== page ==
President Cristina Fernandez’s government sought on Monday to downplay a sobering defeat in Argentina’s mid-term elections, asserting that its ability to govern has not been diminished even though voters shrank her majority in Congress and erased her chances of seeking a third term in 2015.
The government’s coalition took a beating in Sunday’s elections, leaving her with only a slim majority in both legislative chambers.
Some legislators had said they wanted a constitutional amendment to allow Fernandez to run for a third term. But the poor showing by her branch of the Peronist party dashed those hopes once and for all - effectively kicking off the contest to succeed her in 2015.
“Peronism was able to maintain legislative control. ... It can guarantee Argentines democratic continuity,” said Congressman Carlos Kunkel, who supported allowing Fernandez to run for a third term.
Retaining majorities in Congress “gives us important legislative strength to conclude this four-year term that President Cristina Fernandez de Kirchner has,” Defence Minister Agustin Rossi told a local radio program.
Argentina could face some political uncertainty following the poor election showing by her allies and the questions surrounding Fernandez’s health since an October 8 operation to remove blood that pooled on her brain. She also suffers from a heart ailment.
Voters angry about high inflation in Latin America’s No. 3 economy, currency controls and rising crime punished Fernandez’s allies in the country's main districts, including the key Buenos Aires province.
Fernandez was unable to campaign for her congressional candidates after the operation. She is expected to continue convalescing for at least another week, according to her doctors.
With half the seats in the lower house of Congress and a third of the Senate up for grabs, the government's coalition garnered around 33 percent of the votes nationwide on Sunday, 20 percentage points lower than what Fernandez got when she was re-elected in 2011.
Analysts say the government could start to lose allies and legislators could defect to opposition parties, as is common in Argentina when the incumbent has no chance of re-election.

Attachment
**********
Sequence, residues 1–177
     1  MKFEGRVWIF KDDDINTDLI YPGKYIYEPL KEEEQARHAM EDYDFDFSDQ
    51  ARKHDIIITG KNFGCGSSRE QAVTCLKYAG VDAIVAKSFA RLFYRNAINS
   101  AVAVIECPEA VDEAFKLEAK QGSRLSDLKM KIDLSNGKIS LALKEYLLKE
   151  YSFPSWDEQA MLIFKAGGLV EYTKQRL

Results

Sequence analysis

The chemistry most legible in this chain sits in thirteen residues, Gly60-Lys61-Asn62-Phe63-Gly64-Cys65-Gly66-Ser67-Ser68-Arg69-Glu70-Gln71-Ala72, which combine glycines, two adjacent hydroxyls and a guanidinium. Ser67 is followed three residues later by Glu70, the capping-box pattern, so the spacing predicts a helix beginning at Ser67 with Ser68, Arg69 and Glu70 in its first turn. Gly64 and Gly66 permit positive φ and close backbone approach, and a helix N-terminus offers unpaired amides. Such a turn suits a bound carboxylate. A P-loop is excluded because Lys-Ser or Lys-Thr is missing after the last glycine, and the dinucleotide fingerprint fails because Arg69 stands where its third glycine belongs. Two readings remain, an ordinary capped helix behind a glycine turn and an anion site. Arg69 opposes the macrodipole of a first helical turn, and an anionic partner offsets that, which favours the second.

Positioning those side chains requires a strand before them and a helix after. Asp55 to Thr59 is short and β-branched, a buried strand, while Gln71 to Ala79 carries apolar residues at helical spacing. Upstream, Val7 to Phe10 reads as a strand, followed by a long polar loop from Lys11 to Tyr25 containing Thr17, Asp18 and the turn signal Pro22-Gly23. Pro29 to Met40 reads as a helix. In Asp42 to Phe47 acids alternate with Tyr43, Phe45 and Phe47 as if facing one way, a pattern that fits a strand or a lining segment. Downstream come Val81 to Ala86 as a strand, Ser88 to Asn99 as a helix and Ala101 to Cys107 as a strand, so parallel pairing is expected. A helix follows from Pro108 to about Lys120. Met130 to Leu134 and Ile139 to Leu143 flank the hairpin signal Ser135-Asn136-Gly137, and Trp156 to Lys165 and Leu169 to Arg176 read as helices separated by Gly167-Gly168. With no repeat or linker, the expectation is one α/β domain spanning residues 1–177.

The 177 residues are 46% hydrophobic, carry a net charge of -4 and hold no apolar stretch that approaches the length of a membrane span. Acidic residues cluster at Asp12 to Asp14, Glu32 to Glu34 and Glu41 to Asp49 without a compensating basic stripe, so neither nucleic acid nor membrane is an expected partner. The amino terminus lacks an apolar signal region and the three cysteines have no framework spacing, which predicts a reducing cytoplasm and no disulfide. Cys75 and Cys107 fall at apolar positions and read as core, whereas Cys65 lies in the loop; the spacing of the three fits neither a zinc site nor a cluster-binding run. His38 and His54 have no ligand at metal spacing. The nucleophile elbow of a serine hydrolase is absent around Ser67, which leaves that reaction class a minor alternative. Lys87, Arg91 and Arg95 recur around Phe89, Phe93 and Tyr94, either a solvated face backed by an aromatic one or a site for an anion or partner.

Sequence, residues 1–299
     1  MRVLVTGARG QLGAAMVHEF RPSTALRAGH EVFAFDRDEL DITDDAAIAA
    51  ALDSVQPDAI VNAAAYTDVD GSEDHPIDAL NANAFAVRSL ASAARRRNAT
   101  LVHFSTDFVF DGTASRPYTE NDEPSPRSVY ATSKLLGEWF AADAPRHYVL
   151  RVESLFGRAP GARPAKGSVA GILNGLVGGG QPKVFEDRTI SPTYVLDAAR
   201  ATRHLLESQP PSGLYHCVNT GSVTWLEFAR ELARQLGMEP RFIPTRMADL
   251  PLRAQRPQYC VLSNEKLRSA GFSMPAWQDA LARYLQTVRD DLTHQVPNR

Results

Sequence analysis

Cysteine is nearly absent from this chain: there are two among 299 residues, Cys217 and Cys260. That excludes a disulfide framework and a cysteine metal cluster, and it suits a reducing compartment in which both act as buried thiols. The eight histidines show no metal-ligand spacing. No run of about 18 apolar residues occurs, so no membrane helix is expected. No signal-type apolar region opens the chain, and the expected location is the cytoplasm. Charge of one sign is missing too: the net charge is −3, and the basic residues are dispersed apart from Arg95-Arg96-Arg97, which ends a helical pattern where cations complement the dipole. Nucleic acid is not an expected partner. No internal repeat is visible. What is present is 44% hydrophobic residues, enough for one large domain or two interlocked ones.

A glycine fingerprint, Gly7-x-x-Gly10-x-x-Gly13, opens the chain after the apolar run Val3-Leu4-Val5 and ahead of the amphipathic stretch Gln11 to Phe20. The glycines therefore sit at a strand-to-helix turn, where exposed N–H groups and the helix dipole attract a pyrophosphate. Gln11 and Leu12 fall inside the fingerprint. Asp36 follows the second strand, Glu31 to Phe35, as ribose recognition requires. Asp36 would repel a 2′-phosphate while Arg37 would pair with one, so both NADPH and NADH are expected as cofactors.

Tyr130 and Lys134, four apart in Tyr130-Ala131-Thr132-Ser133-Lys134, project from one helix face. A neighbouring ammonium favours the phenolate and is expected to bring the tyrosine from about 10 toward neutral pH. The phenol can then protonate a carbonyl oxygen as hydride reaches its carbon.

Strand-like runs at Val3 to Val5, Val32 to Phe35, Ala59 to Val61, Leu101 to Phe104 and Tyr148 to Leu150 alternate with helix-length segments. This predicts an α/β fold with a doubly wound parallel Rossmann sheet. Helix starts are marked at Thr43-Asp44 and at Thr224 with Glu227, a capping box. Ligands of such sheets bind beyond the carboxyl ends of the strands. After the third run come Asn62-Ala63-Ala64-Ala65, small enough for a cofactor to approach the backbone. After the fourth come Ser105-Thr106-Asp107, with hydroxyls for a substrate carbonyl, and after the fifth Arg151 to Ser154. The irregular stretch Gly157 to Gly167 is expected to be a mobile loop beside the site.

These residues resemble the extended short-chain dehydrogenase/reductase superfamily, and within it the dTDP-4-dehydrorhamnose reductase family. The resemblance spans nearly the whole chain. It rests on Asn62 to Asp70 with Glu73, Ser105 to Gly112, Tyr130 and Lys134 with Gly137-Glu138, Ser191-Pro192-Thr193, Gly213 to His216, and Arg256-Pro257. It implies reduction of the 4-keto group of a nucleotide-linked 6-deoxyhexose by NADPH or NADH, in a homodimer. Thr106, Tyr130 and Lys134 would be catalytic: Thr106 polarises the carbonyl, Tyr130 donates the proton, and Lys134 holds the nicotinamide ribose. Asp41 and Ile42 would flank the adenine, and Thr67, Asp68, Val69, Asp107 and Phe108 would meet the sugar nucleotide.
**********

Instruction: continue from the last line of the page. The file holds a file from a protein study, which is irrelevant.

“We think (the government’s majority) is vulnerable to erosion due to defections as politicians position themselves ahead of the next presidential election in 2015,” Credit-Suisse's Casey Reckman said in a research note.
In the absence of Fernandez, known for micro-managing her cabinet and concentrating power in the president’s office, vice president Amado Boudou has temporarily taken over public duties. But he wields little real power and cabinet members have started to show the strains of an internal struggle over who is to make decisions, especially on the economic front.
“Nobody knows where the power is today, who holds it. The axis of governance in the short term has to do with knowing when the president will come back and with where the axis of power is now,” political analyst Mariel Fornoni said.
A small number of ministers and high-ranking public servants - running the gamut on economic schools of thought from protectionism to neo-liberalism - advise Fernandez on how to manage the economy.
Road to 2015
Under Fernandez, who was first elected in 2007, protectionist trade policies, currency controls and heavy regulation of the country’s key grains sector have helped put Argentina at odds with international markets.
Her government has nationalized Argentina’s private pension fund system, and the country’s main oil company YPF erected import barriers and imposed heavy controls meant to stop capital flight and to support the anaemic peso.
Kirchnerism, the self-styled politics of Fernandez and her late husband, former president Nestor Kirchner, “has been up against the ropes for a while now,” economist Nader Nazmi of BNP Paribas bank said.
“The knockout blow came last night in the form of mid-term election results,” Nazmi said.
Opposition leader Sergio Massa, the mayor of the affluent Buenos Aires town of Tigre, easily beat Fernandez’s hand-picked candidate in the Buenos Aires province, home to around 40 percent of Argentina's voters and most of the country’s agricultural output.